of learning In thc country, cases a proba
ble loss of Sl&O.OOO, and other Institutions
havo smaller sums at stake. Thc Catho
lic University of America, the most pre
tentious Institution founded by tho church
in America and thc especial prido of thc
higher authorities in Rome, is Mr. Wag
gaman's largest creditor. It has nearly
5900,000 at stako. and Mr. Waggaman's
bond as treasurer is for only $75,000. This
represents the endowment of the univer
sity, which was supposed to bo invested
beyond the possibilities of loss.
University Not Spared.
The bankruptcy proceedings threaten,
however, to demolish the university's
claim to rights as a preferred creditor
and to force it to share on an equal ba
sis with other creditors. This condition
not only threatens the existence of tho
Institution, but is almost certain to preju- '
dice its standing before the authorities
hero and in Rome.
Tho amount of Mr. Waggaman's debt to
tho university is made up of sums given
by rich Catholics to found chairs, fellow
ships and scholarships. Among tho heavi
est contributors were tho Misses Drexel
of Philadelphia. Eugono Kelly of New
York, Patrick Qulnn of Philadelphia and
numerous other Individuals, as well as thc
principal Catholic societies.
All of the sums wore given to Mr. Wag
gaman jo invest, and he regularly paid
the university C per cent a year on tho
amount ho hold In tr.ust Since the dif
ficulty aroso leading clergymen and Cath
olics have admitted that they know, by
his paying C per cent yearly that Mr.
Waggaman was using the funds for spec
ulation It Is this knowledge which
causes great uneasiness among thc Amor-
Icon -hierarchy, which can hardly escape
a sweeping censure from Rome for per
mitting church funds to become Involved
In speculation.
Sneezes Eyes Out of Head.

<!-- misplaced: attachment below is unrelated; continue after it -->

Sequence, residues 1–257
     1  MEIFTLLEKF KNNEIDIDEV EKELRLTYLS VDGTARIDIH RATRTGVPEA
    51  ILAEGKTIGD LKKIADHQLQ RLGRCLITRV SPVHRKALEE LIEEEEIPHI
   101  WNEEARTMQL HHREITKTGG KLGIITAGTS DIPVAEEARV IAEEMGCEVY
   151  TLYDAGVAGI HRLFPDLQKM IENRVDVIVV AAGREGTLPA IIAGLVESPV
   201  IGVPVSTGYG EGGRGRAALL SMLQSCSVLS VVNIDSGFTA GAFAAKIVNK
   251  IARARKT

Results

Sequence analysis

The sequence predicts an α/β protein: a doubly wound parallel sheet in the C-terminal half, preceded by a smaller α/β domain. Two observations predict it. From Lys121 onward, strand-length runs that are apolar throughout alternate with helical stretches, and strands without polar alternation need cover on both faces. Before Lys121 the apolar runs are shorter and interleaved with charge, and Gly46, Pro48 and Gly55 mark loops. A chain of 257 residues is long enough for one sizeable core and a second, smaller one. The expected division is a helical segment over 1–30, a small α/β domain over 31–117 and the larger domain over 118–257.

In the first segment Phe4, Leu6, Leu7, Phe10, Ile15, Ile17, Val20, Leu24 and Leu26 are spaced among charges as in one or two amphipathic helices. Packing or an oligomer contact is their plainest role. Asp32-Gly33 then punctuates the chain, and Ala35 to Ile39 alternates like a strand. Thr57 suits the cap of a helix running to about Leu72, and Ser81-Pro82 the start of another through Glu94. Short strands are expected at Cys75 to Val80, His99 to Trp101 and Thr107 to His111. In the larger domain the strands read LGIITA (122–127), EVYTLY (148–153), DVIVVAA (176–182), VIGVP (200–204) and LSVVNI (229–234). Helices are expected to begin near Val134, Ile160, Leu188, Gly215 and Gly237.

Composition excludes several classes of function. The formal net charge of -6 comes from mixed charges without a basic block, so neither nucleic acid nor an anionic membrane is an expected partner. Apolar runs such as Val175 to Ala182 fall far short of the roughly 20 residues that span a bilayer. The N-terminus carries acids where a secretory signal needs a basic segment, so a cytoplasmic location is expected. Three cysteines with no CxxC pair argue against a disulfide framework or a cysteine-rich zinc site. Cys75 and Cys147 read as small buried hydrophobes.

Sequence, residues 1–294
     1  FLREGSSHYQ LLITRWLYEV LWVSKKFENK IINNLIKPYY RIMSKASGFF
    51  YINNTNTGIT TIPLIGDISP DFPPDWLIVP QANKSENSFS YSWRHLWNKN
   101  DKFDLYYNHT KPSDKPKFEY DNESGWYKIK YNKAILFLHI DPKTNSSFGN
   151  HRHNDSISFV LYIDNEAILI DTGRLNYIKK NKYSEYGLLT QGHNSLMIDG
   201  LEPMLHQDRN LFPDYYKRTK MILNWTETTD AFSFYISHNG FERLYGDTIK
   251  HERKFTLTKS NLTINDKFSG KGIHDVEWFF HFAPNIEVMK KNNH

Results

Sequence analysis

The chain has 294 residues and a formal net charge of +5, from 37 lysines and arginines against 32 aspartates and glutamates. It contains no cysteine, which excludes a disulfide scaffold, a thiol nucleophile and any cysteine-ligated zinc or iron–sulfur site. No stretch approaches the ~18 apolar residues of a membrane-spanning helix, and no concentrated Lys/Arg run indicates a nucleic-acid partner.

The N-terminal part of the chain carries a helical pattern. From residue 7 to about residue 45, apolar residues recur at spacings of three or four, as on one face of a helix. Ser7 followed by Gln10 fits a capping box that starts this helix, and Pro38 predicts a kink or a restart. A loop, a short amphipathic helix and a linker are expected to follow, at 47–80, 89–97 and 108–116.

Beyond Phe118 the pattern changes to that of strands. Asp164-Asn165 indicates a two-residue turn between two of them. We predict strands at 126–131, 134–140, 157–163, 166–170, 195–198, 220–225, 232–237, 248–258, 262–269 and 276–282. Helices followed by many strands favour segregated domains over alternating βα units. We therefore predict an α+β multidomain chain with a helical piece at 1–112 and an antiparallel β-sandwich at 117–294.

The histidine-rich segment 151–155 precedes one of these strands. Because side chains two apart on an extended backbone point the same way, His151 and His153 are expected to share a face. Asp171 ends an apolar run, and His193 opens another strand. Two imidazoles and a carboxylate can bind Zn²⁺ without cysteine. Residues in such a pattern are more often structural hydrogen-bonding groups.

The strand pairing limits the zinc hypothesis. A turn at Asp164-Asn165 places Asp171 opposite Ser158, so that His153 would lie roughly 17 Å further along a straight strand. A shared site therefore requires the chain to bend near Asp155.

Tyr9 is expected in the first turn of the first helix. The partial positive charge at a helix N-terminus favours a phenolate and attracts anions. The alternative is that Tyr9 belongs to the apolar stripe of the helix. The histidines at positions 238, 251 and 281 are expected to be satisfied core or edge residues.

EVANS VILLB. Ind., Sept. 11. Jacob
Gelss was solzcd with a fit of sneezing
today, and one oye burst from his head.
Ho may lono the sight of both eyes.
It (the administration) has behaved
toward all nations, strong or weak,
with courtesy, dignity and Justice; and
It is now on excellent terms with all.
Some of our -opponents complain be
cause under tho anti-trust and inter
State commerce laws suits were un
dertaken which have been successful;
others, because suits were not under
taken which would have been unsuc
cessful. The record of the last seven yeara
proves that the party now In power
enn be trusted to take the additional
action necessary to improve and
strengthen our monotnry system, and
that our opponents cannot be so trust
ed. The fundamental fact Is that In a
popular Government such as ours no
policy is irrevocably settled by law
unless the people keep in control of the
Government men who believe In that
policy as a matter of deep-rooted con
viction. No other administration in our his
tory, no other Government in the world
has more consistently stood for the
broadest spirit of brotherhood in our
common humanity, or has hold a more
resolute attitude of protest against ev
ery wrong that outraged the civiliza
tion of the age, at home or abroad,
It is our economic policy as regards'
Disastrous Fire
Visiis Idaho Fails
Loss May Exceed Five Hundred
Thousand Dollars Greatest in
City's History.
Special to Thc Trjbuno.
IDAHO FALLS, Ida., Sopt.j 11. Tho
most disastrous lire In tho history of this
city or in southeastern Idaho started here
this evening at 0 o'clock in tho Butto
bakery. It rapidly gained headway In
splto of heroic work by the lire depart
ment, ably assisted by tho citizens. Al
most adjoining thu bakery was-the largo
lumber yard of E. P. Collman & Co.. and
when tho greedy flames, reached this it
was seen that the entire block was
doomed. This proved truo with tho ex
ception of one building on the corner of
Park avenue and Broadway, owned by
Dcencn & Larue. Conservative estimates
placo the Iocs at $500,000, many others say
that three-quarters of a million' Is a low
estimate. Tho following is a list of tho